Jobless workers leave CQ in mass migration
REGIONAL Queenslanders have undertaken a mass migration in the past decade, leaving their home towns for work.
According to an analysis by economist Nick Behrens, the state's south-east corner has been flooded with arrivals from the regions as the economy changed and the mining industry went through its boom and bust.
Fly-in, fly-out workforces in the mining and construction industries have increased the problem, but he said it was clear that people followed job opportunities.
The worst-hit regions were the outback and Townsville.
Mr Behrens said the problem was also compounded by the inability of regional communities to adapt to change - a point highlighted in a recent Productivity Commission report which found about three-quarters of the state to be among the least adaptive or below average.
According to Mr Behrens, the population in the outback (which includes Mount Isa) has grown by about 8% in the past decade, which is well below the whole state growth of 20%. Job growth in the outback has fallen by 15%. But there were places that defied expectations. The Darling Downs-Maranoa region had only 10% population growth but 15% job growth.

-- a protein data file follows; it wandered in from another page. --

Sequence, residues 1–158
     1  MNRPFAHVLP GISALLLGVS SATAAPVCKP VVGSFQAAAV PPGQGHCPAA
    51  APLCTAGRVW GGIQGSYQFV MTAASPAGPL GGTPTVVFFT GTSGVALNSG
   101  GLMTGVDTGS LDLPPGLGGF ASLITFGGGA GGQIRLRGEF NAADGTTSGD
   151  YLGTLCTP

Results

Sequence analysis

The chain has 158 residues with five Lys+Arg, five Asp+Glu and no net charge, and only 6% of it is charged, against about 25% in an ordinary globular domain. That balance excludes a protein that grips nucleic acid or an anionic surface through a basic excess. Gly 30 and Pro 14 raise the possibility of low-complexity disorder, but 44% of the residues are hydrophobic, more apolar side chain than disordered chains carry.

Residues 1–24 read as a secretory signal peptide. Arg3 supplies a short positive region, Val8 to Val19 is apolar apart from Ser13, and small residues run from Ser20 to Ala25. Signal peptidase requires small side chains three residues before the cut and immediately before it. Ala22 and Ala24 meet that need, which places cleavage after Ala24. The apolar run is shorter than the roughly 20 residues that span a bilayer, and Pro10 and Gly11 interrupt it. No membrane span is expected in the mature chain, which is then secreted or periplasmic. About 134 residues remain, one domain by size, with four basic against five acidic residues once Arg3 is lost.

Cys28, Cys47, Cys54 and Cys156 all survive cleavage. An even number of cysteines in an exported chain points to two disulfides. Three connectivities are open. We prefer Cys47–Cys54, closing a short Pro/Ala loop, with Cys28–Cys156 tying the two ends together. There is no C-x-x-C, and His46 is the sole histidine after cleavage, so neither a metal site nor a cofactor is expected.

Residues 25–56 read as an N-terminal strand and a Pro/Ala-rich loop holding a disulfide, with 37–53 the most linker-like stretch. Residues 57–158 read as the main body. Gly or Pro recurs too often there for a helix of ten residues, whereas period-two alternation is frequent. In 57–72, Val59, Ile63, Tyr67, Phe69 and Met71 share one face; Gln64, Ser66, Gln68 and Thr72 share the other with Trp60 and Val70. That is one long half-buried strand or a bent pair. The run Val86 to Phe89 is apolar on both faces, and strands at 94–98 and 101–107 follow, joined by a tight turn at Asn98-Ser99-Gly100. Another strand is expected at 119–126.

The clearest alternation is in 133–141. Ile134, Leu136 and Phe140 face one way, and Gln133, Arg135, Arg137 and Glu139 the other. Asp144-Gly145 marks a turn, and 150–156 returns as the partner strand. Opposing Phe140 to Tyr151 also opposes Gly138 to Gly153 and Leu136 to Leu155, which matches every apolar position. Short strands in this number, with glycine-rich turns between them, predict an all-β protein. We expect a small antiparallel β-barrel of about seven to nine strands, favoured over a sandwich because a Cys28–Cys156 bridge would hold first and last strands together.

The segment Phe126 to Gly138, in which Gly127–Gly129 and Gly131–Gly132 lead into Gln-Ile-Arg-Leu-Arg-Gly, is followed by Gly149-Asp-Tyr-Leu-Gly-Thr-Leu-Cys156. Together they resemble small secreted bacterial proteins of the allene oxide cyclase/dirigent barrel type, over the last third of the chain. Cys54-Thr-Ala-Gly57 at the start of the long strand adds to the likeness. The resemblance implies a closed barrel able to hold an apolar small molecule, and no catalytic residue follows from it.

"If there is one place that needs 457 visas or the equivalent it's the Darling Downs," Mr Behrens said.
"It has an unemployment rate of 3.6%. They can't get people to move there."
Townsville also did far worse for jobs than Mackay even though the respective population growths were the same.
"This indicates that Mackay has weathered the downturn in the resources sector and is slowly bouncing back. Across the 10 years of analysis Mackay's cycle has run it course while Townsville is still very much in the infancy of a downturn.''